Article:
Any trustworthy audiologist both understands how to treat hearing loss and knows that the biological mechanisms underlying it might confuse the average person. After all, nobody can look inside their own ear to determine what exactly is causing their hearing loss. That said, all prominent hearing loss types and causes have solutions (though not cures), so below, we’ll demystify the most common hearing loss types, causes, and solutions.
The three primary types of hearing loss are:
- What it is:Conductive hearing loss is hearing loss that occurs when the outer or middle ear is damaged or blocked, thus stopping the conduction of sound to the inner ear.
- How it’s caused: Many conditions can result in blockages that cause conductive hearing loss, including excessive ear wax, a narrowed ear canal, ear infections, and fluid buildup.
- How it’s treated:Temporary conductive hearing loss is typically treated medically or surgically. Permanent conductive hearing loss may require hearing aids.
- What it is: Sensorineural hearing loss occurs in the wake of damage to the ear’s hair cells or auditory nerve. The result is less information about audio volume or clarity for your brain to process.
- How it’s caused:Sensorineural hearing loss is commonly just age-related hearing loss, though exposure to loud noise can cause it as well. In fact, just one instance of exposure to extremely loud sounds can be enough to cause sudden sensorineural hearing loss. Less commonly, diseases, genetic syndromes, injuries, infections, and cancerous growths can cause sensorineural hearing loss. Ototoxic medications can also cause sensorineural hearing loss, though ototoxic hearing loss is sometimes reversible.
- How it’s treated: Sensorineural hearing loss is often permanent, so hearing aids are the best paths of treatment. If this hearing loss is tied to a disease or infection, corticosteroids can also help to keep the hearing loss from worsening.
- What it is: As its name suggests, mixed hearing loss contains aspects of both conductive and sensorineural hearing loss.
- How it’s caused: Injury or trauma most often leads to mixed hearing loss, as few other circumstances can lead to the obstruction or damaging of all parts of the ear.
- How it’s treated: Treatment for mixed hearing loss depends on the exact amount of conductive versus sensorineural hearing loss. Surgical or medical treatments may have better outcomes for mixed hearing loss that’s more conductive. For mixed hearing loss that’s more sensorineural, hearing aids may prove more effective.
Any type of hearing loss may occur to only a slight or an extreme degree. Audiologists generally acknowledge four such degrees:
- Mild hearing loss describes difficulty hearing some soft sounds even if it’s mostly easy to understand speech.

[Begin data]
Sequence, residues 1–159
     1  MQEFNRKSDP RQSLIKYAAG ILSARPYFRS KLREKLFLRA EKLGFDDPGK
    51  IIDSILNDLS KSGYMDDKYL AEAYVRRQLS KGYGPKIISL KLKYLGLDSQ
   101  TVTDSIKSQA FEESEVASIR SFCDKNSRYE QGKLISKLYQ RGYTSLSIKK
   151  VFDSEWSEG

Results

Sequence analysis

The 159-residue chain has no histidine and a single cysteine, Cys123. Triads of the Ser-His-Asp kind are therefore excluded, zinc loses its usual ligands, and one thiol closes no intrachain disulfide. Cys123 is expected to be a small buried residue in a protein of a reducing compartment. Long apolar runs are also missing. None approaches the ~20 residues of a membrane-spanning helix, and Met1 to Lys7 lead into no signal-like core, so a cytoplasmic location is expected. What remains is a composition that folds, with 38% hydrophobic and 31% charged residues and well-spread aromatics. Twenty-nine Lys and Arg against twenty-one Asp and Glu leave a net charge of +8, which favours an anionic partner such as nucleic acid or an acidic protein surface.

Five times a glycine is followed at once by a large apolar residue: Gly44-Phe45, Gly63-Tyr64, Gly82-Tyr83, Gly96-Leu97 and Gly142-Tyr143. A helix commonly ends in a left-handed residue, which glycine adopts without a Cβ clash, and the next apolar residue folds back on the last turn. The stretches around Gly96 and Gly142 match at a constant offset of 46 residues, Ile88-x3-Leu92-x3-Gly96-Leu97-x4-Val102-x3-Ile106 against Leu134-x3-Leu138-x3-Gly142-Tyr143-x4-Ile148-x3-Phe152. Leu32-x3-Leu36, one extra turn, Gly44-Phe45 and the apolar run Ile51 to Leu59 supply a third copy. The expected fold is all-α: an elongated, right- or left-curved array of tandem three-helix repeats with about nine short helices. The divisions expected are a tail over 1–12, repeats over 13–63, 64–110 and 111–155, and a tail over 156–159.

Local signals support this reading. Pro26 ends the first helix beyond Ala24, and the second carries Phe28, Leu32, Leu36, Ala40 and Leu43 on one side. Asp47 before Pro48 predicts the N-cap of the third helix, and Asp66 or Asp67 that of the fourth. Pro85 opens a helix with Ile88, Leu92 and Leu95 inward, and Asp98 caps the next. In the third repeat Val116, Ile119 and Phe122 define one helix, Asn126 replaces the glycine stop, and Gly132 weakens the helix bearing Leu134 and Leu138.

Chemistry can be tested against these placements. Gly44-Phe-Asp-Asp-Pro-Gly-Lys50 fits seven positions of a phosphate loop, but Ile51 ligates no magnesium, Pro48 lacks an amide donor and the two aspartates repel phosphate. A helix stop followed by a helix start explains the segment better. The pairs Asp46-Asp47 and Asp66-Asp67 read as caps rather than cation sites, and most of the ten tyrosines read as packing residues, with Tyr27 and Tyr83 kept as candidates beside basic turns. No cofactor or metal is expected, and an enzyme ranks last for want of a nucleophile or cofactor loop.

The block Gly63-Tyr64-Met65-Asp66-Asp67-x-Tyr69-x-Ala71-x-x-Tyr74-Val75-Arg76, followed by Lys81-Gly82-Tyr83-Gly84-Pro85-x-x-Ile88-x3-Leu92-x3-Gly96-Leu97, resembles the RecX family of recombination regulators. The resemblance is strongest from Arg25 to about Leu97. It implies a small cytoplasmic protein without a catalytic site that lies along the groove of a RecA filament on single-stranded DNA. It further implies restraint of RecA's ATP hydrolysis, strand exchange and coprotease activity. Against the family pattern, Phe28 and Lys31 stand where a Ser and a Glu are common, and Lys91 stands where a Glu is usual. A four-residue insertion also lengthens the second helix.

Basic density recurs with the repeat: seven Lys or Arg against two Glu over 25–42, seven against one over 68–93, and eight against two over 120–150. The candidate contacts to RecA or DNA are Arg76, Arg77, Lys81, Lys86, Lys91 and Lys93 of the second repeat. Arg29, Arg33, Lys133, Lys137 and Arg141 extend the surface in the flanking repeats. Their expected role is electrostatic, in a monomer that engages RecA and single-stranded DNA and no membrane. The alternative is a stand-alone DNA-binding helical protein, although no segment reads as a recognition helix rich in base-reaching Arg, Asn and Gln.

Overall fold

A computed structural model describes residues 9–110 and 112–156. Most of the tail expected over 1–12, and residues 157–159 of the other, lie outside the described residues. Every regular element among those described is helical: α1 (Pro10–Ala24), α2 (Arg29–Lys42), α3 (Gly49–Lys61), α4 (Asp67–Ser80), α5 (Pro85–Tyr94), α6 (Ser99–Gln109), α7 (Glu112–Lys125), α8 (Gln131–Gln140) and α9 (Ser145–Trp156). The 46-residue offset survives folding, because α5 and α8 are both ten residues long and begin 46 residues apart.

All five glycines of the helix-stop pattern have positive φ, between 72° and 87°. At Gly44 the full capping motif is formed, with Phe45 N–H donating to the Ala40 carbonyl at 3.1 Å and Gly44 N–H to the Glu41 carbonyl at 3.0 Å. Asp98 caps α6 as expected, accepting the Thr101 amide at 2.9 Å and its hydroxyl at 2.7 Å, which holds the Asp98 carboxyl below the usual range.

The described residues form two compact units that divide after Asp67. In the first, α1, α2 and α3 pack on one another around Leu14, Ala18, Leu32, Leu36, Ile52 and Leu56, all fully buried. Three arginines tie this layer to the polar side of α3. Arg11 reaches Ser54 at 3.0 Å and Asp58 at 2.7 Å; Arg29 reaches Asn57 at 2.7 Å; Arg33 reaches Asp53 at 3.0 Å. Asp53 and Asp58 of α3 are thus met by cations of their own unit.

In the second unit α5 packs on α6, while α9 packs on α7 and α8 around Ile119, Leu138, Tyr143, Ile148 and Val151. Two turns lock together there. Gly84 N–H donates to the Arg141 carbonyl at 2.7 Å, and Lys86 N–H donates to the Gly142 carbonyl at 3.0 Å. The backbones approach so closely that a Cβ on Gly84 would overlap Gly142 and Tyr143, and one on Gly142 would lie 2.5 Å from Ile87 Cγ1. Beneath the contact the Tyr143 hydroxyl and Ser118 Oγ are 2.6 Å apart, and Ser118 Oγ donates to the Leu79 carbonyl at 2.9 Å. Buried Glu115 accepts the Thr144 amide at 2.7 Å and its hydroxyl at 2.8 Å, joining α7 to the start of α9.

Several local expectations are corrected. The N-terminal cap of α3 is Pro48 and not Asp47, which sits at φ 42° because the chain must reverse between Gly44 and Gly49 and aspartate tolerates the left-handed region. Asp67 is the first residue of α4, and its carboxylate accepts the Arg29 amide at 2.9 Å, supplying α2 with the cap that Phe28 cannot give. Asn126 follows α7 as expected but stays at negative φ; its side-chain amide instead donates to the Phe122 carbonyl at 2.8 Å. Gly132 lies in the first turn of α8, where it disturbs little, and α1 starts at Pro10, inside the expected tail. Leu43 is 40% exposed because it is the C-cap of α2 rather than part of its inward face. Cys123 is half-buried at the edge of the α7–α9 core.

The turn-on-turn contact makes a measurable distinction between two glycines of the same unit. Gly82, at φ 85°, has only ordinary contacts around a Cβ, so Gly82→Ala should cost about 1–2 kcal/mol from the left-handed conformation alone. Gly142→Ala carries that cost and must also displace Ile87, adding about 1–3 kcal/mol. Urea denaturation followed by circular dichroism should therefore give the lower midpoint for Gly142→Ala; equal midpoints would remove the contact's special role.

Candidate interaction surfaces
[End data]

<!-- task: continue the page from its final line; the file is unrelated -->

- Moderate hearing loss describes hearing next to nothing if someone is speaking at a typical, everyday volume level.
- Severe hearing loss describes hearing nothing during a standard-volume conversation and only hearing some loud sounds.
- Profound hearing loss is mostly the same as severe hearing loss, but it describes an inability to hear anything other than extremely loud sounds.
Audiologists often need just a type and degree to classify hearing loss, but sometimes, the below descriptors help too:
- Unilateral or bilateral. Unilateral hearing loss occurs only in one ear, whereas bilateral hearing loss occurs in both.
- Pre-lingual or post-lingual. In children, pre-lingual hearing loss occurs before the child learns to speak. All other hearing loss is post-lingual.
- Symmetrical or asymmetrical. Symmetrical hearing loss is the same in both ears, whereas asymmetrical hearing loss is different in each ear.
- Progressive or sudden. Progressive hearing loss worsens gradually over time, whereas sudden hearing loss occurs quickly and unexpectedly.
- Fluctuating or stable. Fluctuating hearing loss changes in degree over time, whereas stable hearing loss remains of the same degree at all times.
- Congenital or acquired/delayed-onset. Any hearing loss with which someone is born is congenital. All other hearing loss is described as acquired or delayed-onset hearing loss. In general, more people experience acquired hearing loss, so audiologists and hearing aid specialists are especially well-versed in treating this type of hearing loss.
If you think you have hearing loss of any sort, contact an audiologist for a hearing test. Audiologists such as those at I Love Hearing bring not just decades of experience to the table, but also specialty testing tools suited for all types of hearing loss and patients.
Here at I Love Hearing, we also specialize in offering and fitting hearing aids to address hearing loss (and tinnitus, which isn’t a cause of hearing loss but is surely unpleasant). We offer virtually every reputable hearing aid brand on the market, and we’ll always let you try your hearing aids out before you spend even a penny on them. We’ll work with you throughout the hearing aid choosing and fitting process to meet your individual needs. To address your hearing loss before it potentially worsens, contact us now to book an appointment in one of our four New York metro offices: Port Washington, New Hyde Park, and East Meadow on Long Island, and on the Upper East Side of New York City.